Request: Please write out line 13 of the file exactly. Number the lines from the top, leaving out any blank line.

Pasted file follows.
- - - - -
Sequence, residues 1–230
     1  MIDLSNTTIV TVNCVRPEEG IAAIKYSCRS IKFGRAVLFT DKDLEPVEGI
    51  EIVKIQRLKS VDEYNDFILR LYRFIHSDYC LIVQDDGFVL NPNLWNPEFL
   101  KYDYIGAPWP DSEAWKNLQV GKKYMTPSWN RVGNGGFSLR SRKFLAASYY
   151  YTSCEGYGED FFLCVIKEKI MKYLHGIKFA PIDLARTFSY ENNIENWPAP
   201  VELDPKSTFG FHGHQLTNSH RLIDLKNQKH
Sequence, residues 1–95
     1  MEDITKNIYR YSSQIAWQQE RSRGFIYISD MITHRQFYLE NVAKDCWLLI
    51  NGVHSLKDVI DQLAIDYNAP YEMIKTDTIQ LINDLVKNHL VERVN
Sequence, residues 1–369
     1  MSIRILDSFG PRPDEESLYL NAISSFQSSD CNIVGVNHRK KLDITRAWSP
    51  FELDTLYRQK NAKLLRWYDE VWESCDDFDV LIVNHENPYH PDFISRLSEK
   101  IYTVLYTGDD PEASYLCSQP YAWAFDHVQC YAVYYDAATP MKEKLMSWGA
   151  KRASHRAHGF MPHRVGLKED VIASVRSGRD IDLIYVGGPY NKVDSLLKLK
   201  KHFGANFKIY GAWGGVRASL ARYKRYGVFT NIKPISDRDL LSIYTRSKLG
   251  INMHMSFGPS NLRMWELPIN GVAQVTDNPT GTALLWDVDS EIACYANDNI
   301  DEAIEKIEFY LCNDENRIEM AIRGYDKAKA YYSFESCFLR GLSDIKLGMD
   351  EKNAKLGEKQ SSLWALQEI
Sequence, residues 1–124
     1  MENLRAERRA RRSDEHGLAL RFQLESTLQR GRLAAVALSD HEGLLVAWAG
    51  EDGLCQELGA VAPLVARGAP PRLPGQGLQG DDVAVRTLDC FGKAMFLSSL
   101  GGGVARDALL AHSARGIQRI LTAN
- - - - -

   101  IYTVLYTGDD PEASYLCSQP YAWAFDHVQC YAVYYDAATP MKEKLMSWGA